A heat-flow calorimeter is a variation of an isothermal-jacket calorimeter. It uses a thermopile (Fig. 2.7) to continuously measure the temperature difference between the reaction vessel and an outer jacket acting as a constant-temperature heat sink. The heat transfer takes place mostly through the thermocouple wires, and to a high degree of accuracy is proportional to the temperature difference integrated over time. This is the best method for an extremely slow reaction, and it can also be used for rapid reactions.

        A flame calorimeter is a flow system in which oxygen, fluorine, or another gaseous oxidant reacts with a gaseous fuel. The heat transfer between the flow tube and a heat sink can be measured with a thermopile, as in a heat-flow calorimeter.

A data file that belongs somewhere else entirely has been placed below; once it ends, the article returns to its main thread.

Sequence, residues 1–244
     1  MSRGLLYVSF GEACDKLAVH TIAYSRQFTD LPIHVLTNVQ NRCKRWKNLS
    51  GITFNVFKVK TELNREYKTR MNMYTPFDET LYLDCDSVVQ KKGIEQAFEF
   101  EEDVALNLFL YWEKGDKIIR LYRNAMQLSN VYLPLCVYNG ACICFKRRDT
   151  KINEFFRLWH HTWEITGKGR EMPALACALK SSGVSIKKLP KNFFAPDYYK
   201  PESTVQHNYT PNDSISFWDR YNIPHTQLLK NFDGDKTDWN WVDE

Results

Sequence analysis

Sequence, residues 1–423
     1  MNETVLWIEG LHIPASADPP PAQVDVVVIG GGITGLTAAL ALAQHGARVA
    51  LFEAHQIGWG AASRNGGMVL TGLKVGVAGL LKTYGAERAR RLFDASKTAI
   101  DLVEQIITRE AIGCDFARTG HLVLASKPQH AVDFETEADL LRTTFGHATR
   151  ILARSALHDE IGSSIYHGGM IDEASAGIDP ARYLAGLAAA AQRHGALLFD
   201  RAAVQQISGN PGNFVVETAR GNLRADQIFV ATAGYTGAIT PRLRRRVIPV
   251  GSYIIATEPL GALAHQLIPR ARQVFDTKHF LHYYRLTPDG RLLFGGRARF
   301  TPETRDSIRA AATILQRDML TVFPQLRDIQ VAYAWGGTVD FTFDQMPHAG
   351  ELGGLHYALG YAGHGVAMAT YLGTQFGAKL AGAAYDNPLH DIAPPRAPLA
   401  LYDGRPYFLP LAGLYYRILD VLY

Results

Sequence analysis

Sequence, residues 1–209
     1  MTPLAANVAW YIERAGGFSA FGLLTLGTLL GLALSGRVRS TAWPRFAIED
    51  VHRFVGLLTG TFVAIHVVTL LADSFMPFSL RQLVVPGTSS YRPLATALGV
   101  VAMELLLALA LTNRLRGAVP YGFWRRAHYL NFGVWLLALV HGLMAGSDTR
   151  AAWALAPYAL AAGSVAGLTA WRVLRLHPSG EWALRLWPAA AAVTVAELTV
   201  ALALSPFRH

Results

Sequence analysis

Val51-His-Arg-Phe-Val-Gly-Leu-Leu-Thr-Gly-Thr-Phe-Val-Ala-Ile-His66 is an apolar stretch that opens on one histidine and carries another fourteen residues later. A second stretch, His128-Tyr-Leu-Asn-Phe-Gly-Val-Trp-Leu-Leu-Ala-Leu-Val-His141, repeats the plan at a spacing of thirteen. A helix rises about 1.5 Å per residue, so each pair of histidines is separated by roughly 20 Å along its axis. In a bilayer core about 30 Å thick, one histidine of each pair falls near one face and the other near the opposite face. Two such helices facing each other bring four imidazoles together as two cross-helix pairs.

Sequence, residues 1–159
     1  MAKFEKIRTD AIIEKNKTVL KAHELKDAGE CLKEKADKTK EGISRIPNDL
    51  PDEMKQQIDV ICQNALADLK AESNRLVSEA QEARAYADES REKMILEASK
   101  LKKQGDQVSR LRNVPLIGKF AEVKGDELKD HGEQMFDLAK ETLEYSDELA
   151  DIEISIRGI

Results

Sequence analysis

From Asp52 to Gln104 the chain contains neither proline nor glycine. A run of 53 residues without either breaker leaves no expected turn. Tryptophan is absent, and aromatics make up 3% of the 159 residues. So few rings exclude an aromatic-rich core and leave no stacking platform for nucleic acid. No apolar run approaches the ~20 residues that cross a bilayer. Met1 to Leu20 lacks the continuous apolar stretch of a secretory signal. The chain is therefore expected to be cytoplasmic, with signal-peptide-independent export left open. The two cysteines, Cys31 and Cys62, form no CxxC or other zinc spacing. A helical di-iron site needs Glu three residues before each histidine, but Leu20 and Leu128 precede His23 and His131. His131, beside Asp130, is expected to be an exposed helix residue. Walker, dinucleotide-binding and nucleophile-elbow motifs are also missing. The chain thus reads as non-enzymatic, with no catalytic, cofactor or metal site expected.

This page titled 11.5: Reaction Calorimetry is shared under a CC BY 4.0 license and was authored, remixed, and/or curated by Howard DeVoe via source content that was edited to the style and standards of the LibreTexts platform; a detailed edit history is available upon request.